FEATURE: Credit Where It’s Due: Putting the Spotlight on the Humble and Hardworking Producer




Credit Where It’s Due



Putting the Spotlight on the Humble and Hardworking Producer


WE all listen to music from around the world…


IN THIS PHOTO: The producer and songwriter Grimes/PHOTO CREDIT: Getty Images

and do not really consider how the songs come together! I love to listen to a lot of classic artists, including Michael Jackson, and so captivated by the actual performance and how it sits in the mind. You often get into the mindset of listening to the song and really not thinking about its creation and development. Modern music relies so much on self-production: so many fresh artists take care of the production side and we can get a complete experience of production and execution at once. I feel we get into the habit of assuming the artist is the star and they are responsible for guiding the music. Look at the legendary producers like Quincy Jones and how they helped push artists to the mainstream. You cannot argue against the impact he had on Michael Jackson’s career and the expertise he brought to the plate. It was not a case of listening to a song and then nodding the head and recording it. The producer has to give their views on a track/album and ensure the vocals/compositions are as good as they can be. It can be difficult making that call and recognising when something is perfect or not. This article explains what the modern-day music producer has to encompass:

Since the millennium the Music Industry has been losing a huge amount of income from falling records sales due to piracy and subsequent streaming services. As a result, many of these separate creative roles listed above don't commonly exist anymore and have been completely taken on by the modern day Music Producer.

A modern day Music Producer now wears a lot of hats in music production, such as:



Session Musician

Recording & Mix Engineer

Mastering Engineer

Very few Music Producers today work in the Music Industry in the old model of Producer. Many of those producers came from the successful era when record sales funded the growth of the Music Industry”.

There is a lot of work the producer has to shoulder. I know many and, from the big studios through to a more modest setting; they have often to rewrite songs and help bring them to life. It is never a case of listening to songs being performed and then deciding whether they are good or not. The producer has to organise musicians and get them into the studio. Often, various different takes have to be recorded and, in a lot of situations, musicians need to perform from different rooms. Sometimes, you can get that live-sounding performance but, if you have loads of elements together then it takes a lot of patience and organisation. There are others responsible for mixing and engineering a record but the producer is there with the artist to ensure everything sounds great and cannot be improved. Listen to any classic album and, more often than not, someone other than the artist has produced that record.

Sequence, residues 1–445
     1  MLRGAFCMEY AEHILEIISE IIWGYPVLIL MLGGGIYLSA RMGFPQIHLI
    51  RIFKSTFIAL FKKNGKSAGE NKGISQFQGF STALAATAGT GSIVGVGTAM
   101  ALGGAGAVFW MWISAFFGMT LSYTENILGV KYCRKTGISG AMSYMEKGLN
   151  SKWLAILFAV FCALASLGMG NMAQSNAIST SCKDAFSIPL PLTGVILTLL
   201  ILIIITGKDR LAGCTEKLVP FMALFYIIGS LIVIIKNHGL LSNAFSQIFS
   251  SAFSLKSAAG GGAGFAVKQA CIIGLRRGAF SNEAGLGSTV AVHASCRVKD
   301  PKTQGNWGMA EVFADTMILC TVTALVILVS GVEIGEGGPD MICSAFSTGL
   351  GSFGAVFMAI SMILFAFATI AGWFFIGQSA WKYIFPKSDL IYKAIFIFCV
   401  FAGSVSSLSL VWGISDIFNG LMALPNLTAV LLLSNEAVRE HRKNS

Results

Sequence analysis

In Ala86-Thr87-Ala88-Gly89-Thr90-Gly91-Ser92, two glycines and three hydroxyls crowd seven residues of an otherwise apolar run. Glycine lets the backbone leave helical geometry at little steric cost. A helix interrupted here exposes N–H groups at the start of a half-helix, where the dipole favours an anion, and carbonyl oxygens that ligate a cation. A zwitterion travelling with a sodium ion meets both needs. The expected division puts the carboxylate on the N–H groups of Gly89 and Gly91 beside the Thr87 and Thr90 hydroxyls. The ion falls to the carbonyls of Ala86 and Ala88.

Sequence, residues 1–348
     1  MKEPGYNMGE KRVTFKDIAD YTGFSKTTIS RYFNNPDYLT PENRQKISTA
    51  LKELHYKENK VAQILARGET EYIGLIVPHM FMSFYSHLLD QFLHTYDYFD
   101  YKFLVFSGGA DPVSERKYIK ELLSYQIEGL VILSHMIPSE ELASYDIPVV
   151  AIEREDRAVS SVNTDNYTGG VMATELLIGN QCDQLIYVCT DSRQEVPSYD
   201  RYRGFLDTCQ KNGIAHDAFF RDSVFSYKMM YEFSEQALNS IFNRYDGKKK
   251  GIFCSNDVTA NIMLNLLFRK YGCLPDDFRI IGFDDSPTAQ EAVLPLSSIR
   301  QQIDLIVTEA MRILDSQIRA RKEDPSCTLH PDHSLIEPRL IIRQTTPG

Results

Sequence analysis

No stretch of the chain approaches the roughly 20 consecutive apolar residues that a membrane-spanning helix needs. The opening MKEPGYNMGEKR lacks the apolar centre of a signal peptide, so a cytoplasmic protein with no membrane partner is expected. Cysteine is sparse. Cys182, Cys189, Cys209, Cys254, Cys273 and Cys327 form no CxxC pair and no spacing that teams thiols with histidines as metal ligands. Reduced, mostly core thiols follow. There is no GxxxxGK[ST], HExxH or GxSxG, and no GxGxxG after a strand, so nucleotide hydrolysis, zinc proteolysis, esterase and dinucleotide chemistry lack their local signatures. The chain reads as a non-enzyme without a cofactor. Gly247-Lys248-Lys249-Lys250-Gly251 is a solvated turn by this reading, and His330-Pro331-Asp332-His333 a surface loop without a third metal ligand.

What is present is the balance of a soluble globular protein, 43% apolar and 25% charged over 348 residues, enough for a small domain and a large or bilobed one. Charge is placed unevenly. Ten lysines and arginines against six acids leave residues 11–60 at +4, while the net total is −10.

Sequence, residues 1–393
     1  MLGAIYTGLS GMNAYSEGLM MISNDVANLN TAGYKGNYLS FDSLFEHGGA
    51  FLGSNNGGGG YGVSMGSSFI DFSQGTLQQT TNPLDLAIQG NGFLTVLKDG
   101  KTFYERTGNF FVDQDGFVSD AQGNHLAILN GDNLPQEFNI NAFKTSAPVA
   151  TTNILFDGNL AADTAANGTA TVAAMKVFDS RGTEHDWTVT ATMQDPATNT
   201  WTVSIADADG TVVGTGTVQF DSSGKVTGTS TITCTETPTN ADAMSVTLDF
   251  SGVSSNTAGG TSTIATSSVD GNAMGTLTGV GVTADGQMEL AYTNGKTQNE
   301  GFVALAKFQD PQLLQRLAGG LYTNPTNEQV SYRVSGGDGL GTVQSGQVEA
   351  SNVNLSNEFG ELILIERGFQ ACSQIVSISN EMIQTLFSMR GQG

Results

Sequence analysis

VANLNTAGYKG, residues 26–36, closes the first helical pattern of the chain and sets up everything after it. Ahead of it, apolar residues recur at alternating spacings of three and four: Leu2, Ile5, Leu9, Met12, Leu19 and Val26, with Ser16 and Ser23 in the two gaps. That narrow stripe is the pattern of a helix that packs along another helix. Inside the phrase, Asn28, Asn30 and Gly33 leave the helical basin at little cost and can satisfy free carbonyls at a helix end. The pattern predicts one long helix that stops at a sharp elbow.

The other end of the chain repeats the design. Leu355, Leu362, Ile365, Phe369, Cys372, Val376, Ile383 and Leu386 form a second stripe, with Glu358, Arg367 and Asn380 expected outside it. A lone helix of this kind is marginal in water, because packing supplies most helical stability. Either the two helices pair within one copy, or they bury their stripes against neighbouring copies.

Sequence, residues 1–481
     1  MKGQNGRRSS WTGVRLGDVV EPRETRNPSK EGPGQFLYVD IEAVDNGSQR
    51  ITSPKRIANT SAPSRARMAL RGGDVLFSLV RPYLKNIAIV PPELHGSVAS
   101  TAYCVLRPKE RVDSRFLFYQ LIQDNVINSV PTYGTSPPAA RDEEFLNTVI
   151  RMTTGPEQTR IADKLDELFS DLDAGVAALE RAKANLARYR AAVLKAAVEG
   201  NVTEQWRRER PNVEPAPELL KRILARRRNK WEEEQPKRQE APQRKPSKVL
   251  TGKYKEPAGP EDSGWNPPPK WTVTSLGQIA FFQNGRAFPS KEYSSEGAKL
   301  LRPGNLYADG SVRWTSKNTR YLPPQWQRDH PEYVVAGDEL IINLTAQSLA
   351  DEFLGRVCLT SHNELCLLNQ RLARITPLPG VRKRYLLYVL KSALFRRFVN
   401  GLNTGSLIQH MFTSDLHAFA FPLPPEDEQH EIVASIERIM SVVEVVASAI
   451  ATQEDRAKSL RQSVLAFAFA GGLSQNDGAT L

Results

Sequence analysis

You might say it is the artist who is projecting the music and, without them, there would be nothing. Very few artists come into the studio fully-formed and know how everything will come together. They might have their own take on a song and sing it one way. The composition might sound good to them but, with another pair of ears, new light and insight come through. A producer might tighten up the rhythm section or suggestion nuances and different elements for the singer. Maybe they’ll add another player/instrument into the mix or take the odd bit out. It is about tidying tracks and making them pop from the speakers. There is a hard balance to walk between making something professional and not over-producing.


IN THIS PHOTO: Catherine Marks/PHOTO CREDIT: Getty Images

Look at the greatest producers like George Martin and Nile Rodgers and it is undeniable what they brought to music. Martin, with The Beatles, bonded with the band and was unafraid to offer his advice and suggestions. He fostered the band and helped them push the music to the very limit. Producers often have knowledge of the equipment and technology in the studio the artist does not. He ensured the early recordings had that live-sounding yet professional sound and then, by 1967, the boys were adding so many layers and sounds to their music. Modern producers like Catherine Marks are not getting the same credit as the world’s best but they are consistent and have a huge reputation. She has worked with the likes of Muse and The Amazons and, like all great producers, bonds with the artist she’s working with and establishes that trusting relationship.

It is not about bossing musicians around and taking things over but, at the same time, it is a balance of assertiveness and imparting knowledge. The producer is there to get the music captured and ensure it sounds as fine as is humanly possible. As this article highlights; there are producers who recognise the importance of going with instinct and having that working relationship with the artist: